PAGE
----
't want to restrict people by salary level (like theladders), because it will be not correct, but I want definitely restrict people by professional level: e.g.5+ experience, more than one foreign language, middle and senior level (not starters). How would you position such site?
P.S. I'm equal opportunity employer and don't want to communicate outside any kind of restrictions, but I want to define the exact specialism/niche of my project.
Thanks for your advice!
has pointed to a mistake in my post: when I add a person to a circle, say, "top software engineers", the person is not able to see the name of my circle.)
Of course, people who are in your circles are on Google+ anyway and can be found in other ways, such as keyword search. Anyone can include them in their circles as well.
The point of my post is that you can (and should) start using Google+ for job posts and communications even without learning all about it or creating a huge presence.
Google+ has taken some actions to restrict spam and maintain privacy. It wouldn't allow you to have more than 5K in your circles combined. That includes all pages you create, such as your company page. So you will have to be selective. Also "pages" on Google+, as opposed to people on Google+, can only add people to their circles if those people add those pages first.
You can add and remove people from circles, thus creating "watch points" for them in your Gmail's "Other contacts". However, Google+ will restrict fast manipulations with circles done within a day. It also restricts the total number of contacts in Gmail to 25K. It also restricts the number of contacts to upload to G+ to 4K and the number you can add to a circle at a time to a few hundred.
The point that perhaps the majority of people on Google+ have presence elsewhere (such as LinkedIn, or a professional network, or a blog) doesn't undermine the value of functionality - especially ways to communicate and search capabilities - on Google+.
Google+ also gives a tremendous chance to jump up to the top in Google search results for companies who ever wanted to make that presence but were left behind by the now-"old-school" search engine optimization and much larger competitors.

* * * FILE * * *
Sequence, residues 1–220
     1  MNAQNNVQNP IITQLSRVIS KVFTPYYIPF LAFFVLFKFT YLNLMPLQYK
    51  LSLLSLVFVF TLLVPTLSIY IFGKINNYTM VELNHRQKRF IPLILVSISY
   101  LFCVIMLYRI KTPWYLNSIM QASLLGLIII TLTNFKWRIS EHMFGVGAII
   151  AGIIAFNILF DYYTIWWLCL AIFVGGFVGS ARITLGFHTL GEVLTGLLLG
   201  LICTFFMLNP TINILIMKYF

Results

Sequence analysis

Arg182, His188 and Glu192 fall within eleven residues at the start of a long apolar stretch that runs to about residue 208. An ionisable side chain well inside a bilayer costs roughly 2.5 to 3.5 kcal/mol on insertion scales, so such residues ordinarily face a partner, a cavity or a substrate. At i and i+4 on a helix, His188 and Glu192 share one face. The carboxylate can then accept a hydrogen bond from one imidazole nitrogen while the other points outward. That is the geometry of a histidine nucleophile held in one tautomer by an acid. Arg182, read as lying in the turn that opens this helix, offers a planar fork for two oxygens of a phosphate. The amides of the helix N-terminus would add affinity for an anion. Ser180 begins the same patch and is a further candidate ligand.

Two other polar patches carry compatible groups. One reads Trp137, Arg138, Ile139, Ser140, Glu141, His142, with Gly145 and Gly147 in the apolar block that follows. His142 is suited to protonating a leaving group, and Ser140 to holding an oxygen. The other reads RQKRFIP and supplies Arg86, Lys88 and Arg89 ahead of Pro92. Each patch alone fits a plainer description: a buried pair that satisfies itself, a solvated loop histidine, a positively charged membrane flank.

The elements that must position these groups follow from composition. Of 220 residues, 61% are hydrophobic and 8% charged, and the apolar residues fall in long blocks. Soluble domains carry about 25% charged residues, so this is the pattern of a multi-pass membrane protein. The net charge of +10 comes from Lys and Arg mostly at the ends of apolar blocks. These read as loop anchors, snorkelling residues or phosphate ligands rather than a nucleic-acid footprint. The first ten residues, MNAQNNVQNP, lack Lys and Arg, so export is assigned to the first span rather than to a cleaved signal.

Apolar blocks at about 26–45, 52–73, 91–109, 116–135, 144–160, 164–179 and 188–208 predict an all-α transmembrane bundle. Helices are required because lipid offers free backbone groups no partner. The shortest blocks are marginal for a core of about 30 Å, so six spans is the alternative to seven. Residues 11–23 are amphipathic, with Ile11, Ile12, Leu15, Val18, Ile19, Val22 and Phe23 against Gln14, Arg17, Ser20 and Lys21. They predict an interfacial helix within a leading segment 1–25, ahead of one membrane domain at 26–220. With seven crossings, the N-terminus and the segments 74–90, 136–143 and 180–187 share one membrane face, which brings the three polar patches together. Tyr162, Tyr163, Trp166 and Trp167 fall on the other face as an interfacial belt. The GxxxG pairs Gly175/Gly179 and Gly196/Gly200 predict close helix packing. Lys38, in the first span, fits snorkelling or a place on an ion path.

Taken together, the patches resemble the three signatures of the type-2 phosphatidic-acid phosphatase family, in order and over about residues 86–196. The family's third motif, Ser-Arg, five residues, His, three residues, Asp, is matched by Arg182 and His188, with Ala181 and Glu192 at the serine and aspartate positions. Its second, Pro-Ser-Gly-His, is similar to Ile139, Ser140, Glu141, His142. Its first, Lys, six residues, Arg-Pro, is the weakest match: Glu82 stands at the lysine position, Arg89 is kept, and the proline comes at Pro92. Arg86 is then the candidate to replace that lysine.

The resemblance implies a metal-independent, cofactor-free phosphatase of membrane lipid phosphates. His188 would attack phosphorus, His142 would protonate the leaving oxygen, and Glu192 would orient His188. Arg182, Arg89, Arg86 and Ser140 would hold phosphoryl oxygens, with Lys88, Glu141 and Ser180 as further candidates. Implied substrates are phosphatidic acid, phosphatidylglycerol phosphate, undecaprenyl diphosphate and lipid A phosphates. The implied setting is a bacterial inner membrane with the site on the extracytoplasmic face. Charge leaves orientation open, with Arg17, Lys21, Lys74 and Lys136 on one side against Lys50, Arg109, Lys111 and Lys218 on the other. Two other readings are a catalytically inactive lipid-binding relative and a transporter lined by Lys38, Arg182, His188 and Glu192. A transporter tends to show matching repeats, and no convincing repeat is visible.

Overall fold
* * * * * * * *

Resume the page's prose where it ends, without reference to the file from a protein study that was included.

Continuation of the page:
Irina (Google+ LinkedIn Twitter Blog)
P.S. Try searching for Google-Plus Pages on my custom search engine:
on you can't get more invites either.
After 3 more IDK's they are more serious, they restrict account and again ask you to re-re-read the UL and off you go with a very stern warning. Until account is off restriction you can't get more invites either.
After 3 more they get more serious and "review" your account, keep it on restriction until review is done (1-2 days) and then they release it with another warning.
I know of one guy that sent out a couple thousand invites had 100 IDK's and they still gave him more invites etc... with a slap on the wrist.
Jerry, as for the No or Reject. I agree, on several occasions I've accepted invites from people I'm not fond of as I'm an open networker. So I have on occasion (twice) accepted the invite and then gone back in and removed them from my network. But really what purpose would a Not Accept or Reject button serve. An IDK puts a block on future invties from that person. You can "re-invite" them but they can't re-invite you.
If you archive an invite you can go back later on an accept if you so choose.
firstname.lastname@example.org 8600+ first level…
inued pay and recruitment freezes, the study found that many organisations are still going through re-organisation (4) and continue to restrict training programmes (5) in order to save costs"
Employers just aren't getting it.…